— Complete State of the Union Addresses from 1790 to the Present • Various

... who were the first to definitely adopt smokeless powder, were the first also to make a rifle, projectile, cartridge case and primer ...
— Scientific American Supplement, No. 821, Sep. 26, 1891 • Various

... verisimilitude to your story by renewing acquaintance with him. You will find him very much improved. In every way he will do you credit. And what is more, if you don't repel him, he will come and see you much oftener than his cousin—I'm not ashamed to adopt her as a cousin—Vivie Warren could have done. Because Vivie, with her deplorable parentage, had your good name to think of, and visited you very seldom; whereas there could be raised no objection ...
— Mrs. Warren's Daughter - A Story of the Woman's Movement • Sir Harry Johnston

... and America. He had intended to construct her as a paddle steamer; but hearing of the success of the Archimedes, he inspected the vessel, and was so satisfied with the performance of the screw that he recommended his directors to adopt this method for propelling the Great Britain. His advice was adopted, and the vessel was altered so as to adapt her for the reception of the screw. The vessel was found perfectly successful, and ...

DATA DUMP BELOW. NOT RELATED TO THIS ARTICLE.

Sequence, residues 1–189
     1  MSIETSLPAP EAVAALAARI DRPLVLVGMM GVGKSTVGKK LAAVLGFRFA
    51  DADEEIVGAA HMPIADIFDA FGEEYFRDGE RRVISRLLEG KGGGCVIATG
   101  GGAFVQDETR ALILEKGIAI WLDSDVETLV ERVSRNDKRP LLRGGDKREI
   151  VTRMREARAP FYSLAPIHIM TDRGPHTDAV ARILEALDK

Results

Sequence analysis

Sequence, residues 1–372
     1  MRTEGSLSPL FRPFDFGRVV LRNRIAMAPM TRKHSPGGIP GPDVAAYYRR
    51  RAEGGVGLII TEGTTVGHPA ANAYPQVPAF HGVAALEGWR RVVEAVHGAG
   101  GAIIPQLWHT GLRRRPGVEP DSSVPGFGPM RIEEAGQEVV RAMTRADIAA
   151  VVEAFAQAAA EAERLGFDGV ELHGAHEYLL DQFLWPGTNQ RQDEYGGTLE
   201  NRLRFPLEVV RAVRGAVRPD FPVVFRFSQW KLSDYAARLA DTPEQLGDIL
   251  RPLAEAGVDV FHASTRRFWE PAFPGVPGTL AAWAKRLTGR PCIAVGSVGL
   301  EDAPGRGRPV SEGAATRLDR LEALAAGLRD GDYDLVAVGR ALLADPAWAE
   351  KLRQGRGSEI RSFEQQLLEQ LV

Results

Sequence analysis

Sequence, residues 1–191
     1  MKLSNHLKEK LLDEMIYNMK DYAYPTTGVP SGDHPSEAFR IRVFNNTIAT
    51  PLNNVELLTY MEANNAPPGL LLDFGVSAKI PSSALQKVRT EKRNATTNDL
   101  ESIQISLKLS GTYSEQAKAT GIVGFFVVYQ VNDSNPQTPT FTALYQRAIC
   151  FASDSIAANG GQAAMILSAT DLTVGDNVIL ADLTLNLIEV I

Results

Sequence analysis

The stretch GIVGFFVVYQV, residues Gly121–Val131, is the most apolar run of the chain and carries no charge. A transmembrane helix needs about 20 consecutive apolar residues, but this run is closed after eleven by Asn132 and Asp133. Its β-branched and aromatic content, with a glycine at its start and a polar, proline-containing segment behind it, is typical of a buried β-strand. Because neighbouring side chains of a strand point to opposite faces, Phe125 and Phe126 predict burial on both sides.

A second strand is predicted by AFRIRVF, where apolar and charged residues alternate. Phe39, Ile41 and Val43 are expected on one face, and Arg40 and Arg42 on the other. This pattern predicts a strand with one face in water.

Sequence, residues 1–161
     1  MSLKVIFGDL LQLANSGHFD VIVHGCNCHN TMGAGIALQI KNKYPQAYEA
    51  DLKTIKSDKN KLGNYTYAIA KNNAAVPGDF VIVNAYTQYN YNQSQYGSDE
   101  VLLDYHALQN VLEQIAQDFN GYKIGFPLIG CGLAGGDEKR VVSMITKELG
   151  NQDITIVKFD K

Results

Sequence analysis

— Men of Invention and Industry • Samuel Smiles

... way north in 863, but without halting. Many of their disciples, driven from the Moravian kingdom by the Germans, came south and took refuge in Bulgaria in 886, and there carried on in more favourable circumstances the teachings of their masters. Prince Boris had found it easier to adopt Christianity himself than to induce all his subjects to do the same. Even when he had enforced his will on them at the price of numerous executions of recalcitrant nobles, he found himself only at ...
— The Balkans - A History Of Bulgaria—Serbia—Greece—Rumania—Turkey • Nevill Forbes, Arnold J. Toynbee, D. Mitrany, D.G. Hogarth

... to retailers of the marvelous, the sober chronicler is bound to forego such advantage as he may reap from an odd-sounding name, on which many ephemeral successes are founded in these days. Wherefore the present writer gives the following succinct statement of the reasons which induced him to adopt the unlikely sounding ...